Copyright (c) 2019 IETF Trust and the persons identified as the
   document authors.  All rights reserved.

   This document is subject to BCP 78 and the IETF Trust's Legal
   Provisions Relating to IETF Documents
   (https://trustee.ietf.org/license-info) in effect on the date of
   publication of this document.  Please review these documents
   carefully, as they describe your rights and restrictions with respect
   to this document.  Code Components extracted from this document must
   include Simplified BSD License text as described in Section 4.e of
   the Trust Legal Provisions and are provided without warranty as
   described in the Simplified BSD License.

Table of Contents

   1.  Introduction  . . . . . . . . . . . . . . . . . . . . . . . .   3
   2.  Terminology . . . . . . . . . . . . . . . . . . . . . . . . .   5
   3.  DOTS Data Channel . . . . . . . . . . . . . . . . . . . . . .   5
     3.1.  Design Overview . . . . . . . . . . . . . . . . . . . . .   5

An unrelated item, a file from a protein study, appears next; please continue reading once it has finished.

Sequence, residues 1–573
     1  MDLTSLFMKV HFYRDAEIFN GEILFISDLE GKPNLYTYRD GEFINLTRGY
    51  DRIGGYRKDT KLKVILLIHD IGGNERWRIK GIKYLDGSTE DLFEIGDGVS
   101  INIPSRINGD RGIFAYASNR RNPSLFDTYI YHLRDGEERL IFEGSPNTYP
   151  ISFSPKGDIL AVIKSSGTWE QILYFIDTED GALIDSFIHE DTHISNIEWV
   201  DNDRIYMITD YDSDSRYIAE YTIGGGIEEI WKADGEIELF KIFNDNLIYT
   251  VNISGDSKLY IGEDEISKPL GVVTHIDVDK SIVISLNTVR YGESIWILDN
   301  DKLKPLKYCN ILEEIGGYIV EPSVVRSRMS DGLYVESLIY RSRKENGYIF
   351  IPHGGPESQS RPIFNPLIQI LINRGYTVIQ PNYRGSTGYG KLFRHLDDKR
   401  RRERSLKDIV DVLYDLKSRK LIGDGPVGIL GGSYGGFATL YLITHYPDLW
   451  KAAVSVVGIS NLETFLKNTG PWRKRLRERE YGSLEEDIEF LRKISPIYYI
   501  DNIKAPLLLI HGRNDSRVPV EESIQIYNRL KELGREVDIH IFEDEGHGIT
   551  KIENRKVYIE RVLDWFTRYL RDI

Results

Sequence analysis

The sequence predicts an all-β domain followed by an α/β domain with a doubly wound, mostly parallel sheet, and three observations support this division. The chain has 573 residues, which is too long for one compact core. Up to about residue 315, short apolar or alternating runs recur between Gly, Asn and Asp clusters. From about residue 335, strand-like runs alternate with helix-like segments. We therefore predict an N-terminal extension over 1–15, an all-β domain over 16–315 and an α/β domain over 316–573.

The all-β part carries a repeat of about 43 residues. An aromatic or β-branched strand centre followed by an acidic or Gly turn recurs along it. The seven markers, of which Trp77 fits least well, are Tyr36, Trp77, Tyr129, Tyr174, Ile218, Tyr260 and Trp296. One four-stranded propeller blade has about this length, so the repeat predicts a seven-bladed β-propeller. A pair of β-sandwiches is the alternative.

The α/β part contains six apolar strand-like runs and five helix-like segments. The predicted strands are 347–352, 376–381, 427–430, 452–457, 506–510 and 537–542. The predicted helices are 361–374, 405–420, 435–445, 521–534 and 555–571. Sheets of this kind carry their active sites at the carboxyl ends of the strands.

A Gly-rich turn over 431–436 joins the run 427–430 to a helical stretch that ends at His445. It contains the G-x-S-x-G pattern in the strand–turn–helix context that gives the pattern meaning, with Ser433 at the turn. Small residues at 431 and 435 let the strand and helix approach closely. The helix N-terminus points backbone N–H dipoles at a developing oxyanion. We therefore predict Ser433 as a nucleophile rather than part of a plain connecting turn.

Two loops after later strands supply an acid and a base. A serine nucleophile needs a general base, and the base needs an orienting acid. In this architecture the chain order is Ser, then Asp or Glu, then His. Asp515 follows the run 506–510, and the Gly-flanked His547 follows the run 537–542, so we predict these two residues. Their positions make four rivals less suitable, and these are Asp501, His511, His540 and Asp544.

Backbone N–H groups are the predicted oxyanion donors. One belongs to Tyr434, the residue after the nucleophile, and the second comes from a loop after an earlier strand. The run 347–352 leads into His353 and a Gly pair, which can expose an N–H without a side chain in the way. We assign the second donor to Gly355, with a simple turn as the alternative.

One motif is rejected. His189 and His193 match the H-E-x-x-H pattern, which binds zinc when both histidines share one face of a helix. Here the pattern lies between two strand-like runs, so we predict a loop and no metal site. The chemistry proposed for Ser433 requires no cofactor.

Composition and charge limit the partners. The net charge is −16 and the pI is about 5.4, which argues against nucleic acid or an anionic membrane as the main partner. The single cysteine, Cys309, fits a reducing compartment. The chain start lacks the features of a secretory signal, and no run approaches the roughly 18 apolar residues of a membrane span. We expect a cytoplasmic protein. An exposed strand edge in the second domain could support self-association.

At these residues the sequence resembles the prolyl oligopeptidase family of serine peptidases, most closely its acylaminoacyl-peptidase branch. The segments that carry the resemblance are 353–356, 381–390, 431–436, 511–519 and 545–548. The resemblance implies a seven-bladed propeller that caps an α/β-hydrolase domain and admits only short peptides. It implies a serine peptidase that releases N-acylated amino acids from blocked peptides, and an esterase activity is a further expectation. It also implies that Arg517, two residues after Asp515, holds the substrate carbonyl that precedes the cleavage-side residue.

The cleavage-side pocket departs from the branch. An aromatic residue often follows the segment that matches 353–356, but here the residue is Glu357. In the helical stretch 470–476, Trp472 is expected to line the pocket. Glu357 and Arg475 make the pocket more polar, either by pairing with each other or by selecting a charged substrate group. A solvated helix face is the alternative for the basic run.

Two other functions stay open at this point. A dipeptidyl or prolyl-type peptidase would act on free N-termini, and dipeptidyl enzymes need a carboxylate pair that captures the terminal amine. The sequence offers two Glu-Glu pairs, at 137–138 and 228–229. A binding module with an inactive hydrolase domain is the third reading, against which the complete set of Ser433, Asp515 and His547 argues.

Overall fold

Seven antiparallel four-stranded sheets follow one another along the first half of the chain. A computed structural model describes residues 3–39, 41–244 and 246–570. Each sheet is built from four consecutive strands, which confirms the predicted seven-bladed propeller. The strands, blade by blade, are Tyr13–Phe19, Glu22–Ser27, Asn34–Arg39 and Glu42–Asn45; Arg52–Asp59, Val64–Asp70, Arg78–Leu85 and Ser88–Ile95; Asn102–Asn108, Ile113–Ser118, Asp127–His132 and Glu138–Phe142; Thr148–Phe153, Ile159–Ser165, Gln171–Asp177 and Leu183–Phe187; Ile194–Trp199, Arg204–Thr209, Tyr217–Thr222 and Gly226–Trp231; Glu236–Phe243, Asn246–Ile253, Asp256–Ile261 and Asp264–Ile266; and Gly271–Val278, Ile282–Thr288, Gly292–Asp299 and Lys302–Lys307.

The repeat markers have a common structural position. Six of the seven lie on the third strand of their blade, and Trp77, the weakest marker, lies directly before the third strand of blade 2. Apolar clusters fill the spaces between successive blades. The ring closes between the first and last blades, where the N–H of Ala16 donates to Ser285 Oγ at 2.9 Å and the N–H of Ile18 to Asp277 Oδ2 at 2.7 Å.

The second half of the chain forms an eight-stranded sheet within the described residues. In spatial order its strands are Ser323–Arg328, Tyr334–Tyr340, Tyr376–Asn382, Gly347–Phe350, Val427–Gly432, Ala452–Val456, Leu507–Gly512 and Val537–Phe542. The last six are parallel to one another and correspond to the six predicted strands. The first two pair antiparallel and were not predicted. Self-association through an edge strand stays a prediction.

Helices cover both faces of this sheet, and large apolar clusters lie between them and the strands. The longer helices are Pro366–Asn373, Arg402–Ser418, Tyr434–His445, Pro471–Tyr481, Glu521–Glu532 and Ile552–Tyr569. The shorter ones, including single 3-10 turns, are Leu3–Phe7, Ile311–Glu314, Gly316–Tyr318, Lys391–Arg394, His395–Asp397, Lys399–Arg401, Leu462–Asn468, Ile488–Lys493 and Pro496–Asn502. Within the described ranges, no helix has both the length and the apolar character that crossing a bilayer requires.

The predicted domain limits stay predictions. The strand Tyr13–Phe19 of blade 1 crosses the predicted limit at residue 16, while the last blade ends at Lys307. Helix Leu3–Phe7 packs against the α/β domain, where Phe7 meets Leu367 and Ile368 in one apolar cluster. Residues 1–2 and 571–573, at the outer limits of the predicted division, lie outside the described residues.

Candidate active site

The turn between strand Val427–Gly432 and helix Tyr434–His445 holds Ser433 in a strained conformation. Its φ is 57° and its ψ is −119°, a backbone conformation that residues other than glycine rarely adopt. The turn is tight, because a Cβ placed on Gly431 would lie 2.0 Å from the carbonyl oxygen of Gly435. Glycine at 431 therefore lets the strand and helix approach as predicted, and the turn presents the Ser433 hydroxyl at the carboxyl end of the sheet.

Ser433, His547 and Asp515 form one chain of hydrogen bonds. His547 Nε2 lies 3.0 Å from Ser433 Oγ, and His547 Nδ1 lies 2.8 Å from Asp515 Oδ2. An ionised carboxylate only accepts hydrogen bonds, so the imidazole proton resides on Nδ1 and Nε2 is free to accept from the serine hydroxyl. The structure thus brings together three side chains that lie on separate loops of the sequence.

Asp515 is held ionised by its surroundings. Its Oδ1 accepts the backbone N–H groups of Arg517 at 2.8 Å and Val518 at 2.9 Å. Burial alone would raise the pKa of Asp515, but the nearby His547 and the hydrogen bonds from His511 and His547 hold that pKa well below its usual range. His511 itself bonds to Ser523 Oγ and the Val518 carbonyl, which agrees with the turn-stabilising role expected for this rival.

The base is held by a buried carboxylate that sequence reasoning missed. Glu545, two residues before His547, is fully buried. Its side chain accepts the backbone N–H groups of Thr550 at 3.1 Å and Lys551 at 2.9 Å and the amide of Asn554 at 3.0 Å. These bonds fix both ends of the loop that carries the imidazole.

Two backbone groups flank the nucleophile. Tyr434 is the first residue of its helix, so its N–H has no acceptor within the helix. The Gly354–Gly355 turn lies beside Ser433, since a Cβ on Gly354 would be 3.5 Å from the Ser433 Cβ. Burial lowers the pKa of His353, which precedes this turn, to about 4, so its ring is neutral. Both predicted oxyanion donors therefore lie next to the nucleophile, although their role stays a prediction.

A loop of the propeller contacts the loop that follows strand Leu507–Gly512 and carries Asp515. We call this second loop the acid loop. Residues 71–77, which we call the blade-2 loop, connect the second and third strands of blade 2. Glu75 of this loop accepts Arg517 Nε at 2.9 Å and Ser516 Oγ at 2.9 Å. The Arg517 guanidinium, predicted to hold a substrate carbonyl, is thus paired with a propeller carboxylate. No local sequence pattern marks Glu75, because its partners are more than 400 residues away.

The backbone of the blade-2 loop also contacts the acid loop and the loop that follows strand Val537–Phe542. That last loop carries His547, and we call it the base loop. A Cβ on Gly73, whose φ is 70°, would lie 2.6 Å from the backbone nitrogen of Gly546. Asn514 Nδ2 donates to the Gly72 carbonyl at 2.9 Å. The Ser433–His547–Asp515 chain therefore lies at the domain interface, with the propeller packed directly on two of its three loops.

3.2.  DOTS Server(s) Discovery  . . . . . . . . . . . . . . . .   8
     3.3.  DOTS Gateways . . . . . . . . . . . . . . . . . . . . . .   8
     3.4.  Detect and Prevent Infinite Loops . . . . . . . . . . . .   9
     3.5.  Stale Entries . . . . . . . . . . . . . . . . . . . . . .   9
   4.  DOTS Data Channel YANG Module . . . . . . . . . . . . . . . .  10
     4.1.  Generic Tree Structure  . . . . . . . . . . . . . . . . .  10
     4.2.  Filtering Fields  . . . . . . . . . . . . . . . . . . . .  13
     4.3.  YANG Module . . . . . . . . . . . . . . . . . . . . . . .  20
   5.  Managing DOTS Clients . . . . . . . . . . . . . . . . . . . .  37
     5.1.  Registering DOTS Clients  . . . . . . . . . . . . . . . .  37
     5.2.  Unregistering DOTS Clients  . . . . . . . . . . . . . . .  40
   6.  Managing DOTS Aliases . . . . . . . . . . . . . . . . . . . .  40
     6.1.  Create Aliases  . . . . . . . . . . . . . . . . . . . . .  41
     6.2.  Retrieve Installed Aliases  . . . . . . . . . . . . . . .  45
     6.3.  Delete Aliases  . . . . . . . . . . . . . . . . . . . . .  47
   7.  Managing DOTS Filtering Rules . . . . . . . . . . . . . . . .  47